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Tumbling basics ?

Discussion in 'Tanks, Valves and Bands' started by Bigd2722, Jun 14, 2015.

  1. Bigd2722

    Bigd2722 Solo Diver

    # of Dives: 500 - 999
    Location: Winter Park, fl
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    After filling the tank with media and tumbling it, what's the optimum method to empty the tank? Just did my first tank, it seems holding it upside down and tipping back and forth and adding water to swish out the last little pieces is tedious.

    Suggestions?

    Thanx
     
  2. 1bubbleoff

    1bubbleoff Barracuda

    # of Dives: 1,000 - 2,499
    Location: Midwest
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  3. tbone1004

    tbone1004 ScubaBoard Supporter ScubaBoard Supporter

    # of Dives: I'm a Fish!
    Location: Greenville, South Carolina, United States
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    what I've found best is to invert and push water into the tank, it keeps the media from binding in the neck. Regular garden hose has worked fine, but you can adapt it down to a nipple *same ones you use to adapt to an air hose to get a bit more pressure. Sorry there isn't a better way that I've found
     
  4. KWS

    KWS ScubaBoard Supporter ScubaBoard Supporter

    # of Dives: 500 - 999
    Location: SE TEXAS
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    buy some hose that is the smallest you can find.. perhaps 1/2 inch thin wall. you can also use copper tubing say 1/4 id and adapt it to a garden hose. you will still have to tip upside down till you get the most out of it. That will take care of the washing out issue. Now getting the stuff out really does not have a fix. Some things that will help is not to use a 1/2 tank of material to tumble with. That should speed up the emptying process. I don't know what the prescribed amount of material is but others may be able to comment on this. Don't forget to rinse with clean non mineral water. Not tap water unless filtered. That will keep the corrosion down. You should seldom ever have to tumble unless you have rust which is probably from bad maintenance or getting bad air. A little anti corrosion spooge mixed in the rinse cant hurt. Remember with every tumble you remove the protective coatings on the inside fo the tank for those that have them like fabar.

    ????? Have you got a copy of "oxygen hackers manual" from airspeed press. its a wonderful book and it should help you along.
     
  5. duckbill

    duckbill Solo Diver

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    I dry tumble. That way I have zero concern about flash rust while farting around trying to get the media out. I can also store the media dry without having to dry it first.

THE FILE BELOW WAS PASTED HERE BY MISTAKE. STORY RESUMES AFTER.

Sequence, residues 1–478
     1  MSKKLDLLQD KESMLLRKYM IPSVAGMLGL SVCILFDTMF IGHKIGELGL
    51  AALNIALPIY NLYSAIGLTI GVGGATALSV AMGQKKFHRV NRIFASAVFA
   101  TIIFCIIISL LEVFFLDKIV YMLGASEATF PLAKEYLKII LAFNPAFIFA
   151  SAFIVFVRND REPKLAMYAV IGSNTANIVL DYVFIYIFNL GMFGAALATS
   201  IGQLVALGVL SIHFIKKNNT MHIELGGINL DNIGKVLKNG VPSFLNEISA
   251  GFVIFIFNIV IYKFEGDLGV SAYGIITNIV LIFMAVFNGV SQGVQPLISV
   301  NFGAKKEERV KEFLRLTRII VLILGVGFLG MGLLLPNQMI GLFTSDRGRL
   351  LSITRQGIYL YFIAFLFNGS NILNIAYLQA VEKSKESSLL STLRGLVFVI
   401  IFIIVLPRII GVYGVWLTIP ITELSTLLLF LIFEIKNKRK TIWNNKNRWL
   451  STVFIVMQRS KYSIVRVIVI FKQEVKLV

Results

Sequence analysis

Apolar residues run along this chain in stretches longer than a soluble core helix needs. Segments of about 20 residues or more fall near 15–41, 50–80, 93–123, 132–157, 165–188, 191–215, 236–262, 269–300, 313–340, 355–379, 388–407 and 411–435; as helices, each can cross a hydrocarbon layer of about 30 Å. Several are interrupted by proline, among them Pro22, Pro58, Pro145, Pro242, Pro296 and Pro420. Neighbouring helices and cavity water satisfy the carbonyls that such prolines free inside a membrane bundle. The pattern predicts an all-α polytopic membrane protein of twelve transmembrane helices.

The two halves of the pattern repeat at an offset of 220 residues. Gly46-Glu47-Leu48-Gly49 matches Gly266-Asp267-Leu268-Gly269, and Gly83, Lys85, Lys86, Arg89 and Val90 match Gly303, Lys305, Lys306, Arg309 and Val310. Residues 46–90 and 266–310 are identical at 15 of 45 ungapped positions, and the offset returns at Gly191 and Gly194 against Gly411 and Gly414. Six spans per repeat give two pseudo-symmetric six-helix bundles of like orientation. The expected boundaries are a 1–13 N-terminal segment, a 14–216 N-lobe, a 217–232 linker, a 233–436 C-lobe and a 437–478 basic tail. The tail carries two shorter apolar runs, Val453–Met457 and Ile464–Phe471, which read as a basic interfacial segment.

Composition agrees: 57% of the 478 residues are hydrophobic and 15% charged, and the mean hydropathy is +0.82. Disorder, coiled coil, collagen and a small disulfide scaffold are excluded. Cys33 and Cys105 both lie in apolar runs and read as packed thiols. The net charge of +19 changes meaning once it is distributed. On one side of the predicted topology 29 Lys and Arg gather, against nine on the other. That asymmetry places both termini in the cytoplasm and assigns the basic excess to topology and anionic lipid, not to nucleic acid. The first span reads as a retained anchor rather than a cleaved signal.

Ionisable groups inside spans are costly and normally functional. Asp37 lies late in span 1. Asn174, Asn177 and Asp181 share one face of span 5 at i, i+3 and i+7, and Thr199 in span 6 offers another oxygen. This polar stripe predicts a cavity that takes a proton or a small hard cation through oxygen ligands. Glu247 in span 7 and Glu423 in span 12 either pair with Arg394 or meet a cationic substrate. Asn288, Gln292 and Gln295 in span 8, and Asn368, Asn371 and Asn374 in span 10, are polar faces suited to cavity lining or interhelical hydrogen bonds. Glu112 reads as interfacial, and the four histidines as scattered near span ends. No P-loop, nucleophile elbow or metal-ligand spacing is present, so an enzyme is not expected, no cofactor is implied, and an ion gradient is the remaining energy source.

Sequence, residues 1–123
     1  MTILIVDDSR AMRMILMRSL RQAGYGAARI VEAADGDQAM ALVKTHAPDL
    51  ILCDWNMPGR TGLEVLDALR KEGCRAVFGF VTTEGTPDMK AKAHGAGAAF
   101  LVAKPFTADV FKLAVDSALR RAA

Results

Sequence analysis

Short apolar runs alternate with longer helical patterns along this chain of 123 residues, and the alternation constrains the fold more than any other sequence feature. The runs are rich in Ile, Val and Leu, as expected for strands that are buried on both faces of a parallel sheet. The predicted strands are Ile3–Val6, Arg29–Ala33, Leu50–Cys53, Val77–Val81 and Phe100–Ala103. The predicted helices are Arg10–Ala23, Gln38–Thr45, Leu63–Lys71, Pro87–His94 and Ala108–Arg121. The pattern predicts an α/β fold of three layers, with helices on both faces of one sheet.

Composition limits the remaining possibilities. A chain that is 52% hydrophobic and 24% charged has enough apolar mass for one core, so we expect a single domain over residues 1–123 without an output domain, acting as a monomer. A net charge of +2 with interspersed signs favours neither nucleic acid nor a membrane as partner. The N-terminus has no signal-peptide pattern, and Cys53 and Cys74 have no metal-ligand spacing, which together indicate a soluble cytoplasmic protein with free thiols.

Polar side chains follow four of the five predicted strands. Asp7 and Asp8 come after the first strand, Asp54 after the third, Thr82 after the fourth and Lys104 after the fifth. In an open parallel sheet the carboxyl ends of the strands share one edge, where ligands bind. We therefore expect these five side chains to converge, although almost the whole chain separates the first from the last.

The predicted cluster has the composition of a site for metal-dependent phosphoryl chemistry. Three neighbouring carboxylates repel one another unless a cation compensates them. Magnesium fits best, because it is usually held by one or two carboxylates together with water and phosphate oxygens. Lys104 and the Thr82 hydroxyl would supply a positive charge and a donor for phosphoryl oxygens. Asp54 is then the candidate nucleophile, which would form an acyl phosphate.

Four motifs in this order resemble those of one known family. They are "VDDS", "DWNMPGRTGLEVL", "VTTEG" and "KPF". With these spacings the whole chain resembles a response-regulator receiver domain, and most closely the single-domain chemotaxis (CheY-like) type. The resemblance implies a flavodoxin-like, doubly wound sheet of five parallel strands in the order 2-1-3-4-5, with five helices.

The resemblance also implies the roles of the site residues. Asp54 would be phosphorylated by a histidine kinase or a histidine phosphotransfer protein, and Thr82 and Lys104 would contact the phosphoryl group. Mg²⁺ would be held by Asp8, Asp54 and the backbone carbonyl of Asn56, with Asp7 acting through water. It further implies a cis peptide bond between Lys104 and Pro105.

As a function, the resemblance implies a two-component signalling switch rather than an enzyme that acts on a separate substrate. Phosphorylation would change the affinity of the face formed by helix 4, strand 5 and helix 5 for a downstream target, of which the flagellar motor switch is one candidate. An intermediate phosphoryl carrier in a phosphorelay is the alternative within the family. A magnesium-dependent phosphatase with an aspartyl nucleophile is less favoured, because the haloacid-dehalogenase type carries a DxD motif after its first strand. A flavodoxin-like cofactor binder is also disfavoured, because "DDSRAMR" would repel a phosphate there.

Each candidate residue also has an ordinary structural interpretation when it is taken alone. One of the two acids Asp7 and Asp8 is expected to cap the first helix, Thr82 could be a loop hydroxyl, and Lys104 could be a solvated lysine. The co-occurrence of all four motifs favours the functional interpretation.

Then I whip with some cool rinse water in the cylinder to rtemove the dust, and use dry compressed air from a hot cylinder to dry.
     
    Doc Harry likes this.
  6. kwinter

    kwinter Rebreather Pilot

    # of Dives: 500 - 999
    Location: South Jersey
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    I have to assume this post is a joke. If so, then haha.
     
  7. duckbill

    duckbill Solo Diver

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    No joke. Been diving a bit deep lately?

    ---------- Post added June 15th, 2015 at 07:32 PM ----------

    Yep. Try dry.
     
  8. tbone1004

    tbone1004 ScubaBoard Supporter ScubaBoard Supporter

    # of Dives: I'm a Fish!
    Location: Greenville, South Carolina, United States
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    I prefer wet with simple green since you can kill two birds with one stone....
     
  9. kwinter

    kwinter Rebreather Pilot

    # of Dives: 500 - 999
    Location: South Jersey
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    Since you seem to be serious, let's break down this nonsense. Flash rust comes from any time the steel gets wet, even if it's only a quick rinse. So dry tumbling will avoid flash rust only if you dump out the tumbling media and then fill the tank with breathing gas without rinsing. That would not be good.
    So after dry tumbling you whip the tank with water. That is the source of flash rust. So the dry tumbling vs wet tumbling makes no difference. And then you say that you use cool water and hot air to dry it. First, I can't imagine where you get hot air from a compressed cylinder. As air expands from compression, it cools. A lot. That's why valves freeze when you drain a tank quickly and why the converse is true and cylinders get hot when you fill them. Plus the fact that getting the tumbled cylinder very hot by using hot water to rinse it will make it dry much faster with the compressed air. That means less exposure time to the air and therefore less flash rust.
    There was not a single point in your post that made sense to me.


    iPhone. iTypo. iApologize.
     
    Last edited: Jun 16, 2015
  10. tbone1004

    tbone1004 ScubaBoard Supporter ScubaBoard Supporter

    # of Dives: I'm a Fish!
    Location: Greenville, South Carolina, United States
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    I was scratching my head at that one. Was always taught tumble wet with simple green, rinse with basically boiling water, and blow out with dry air. Doesn't matter if it's cold or hot, the pressure drop will make it cold when it comes out...
     

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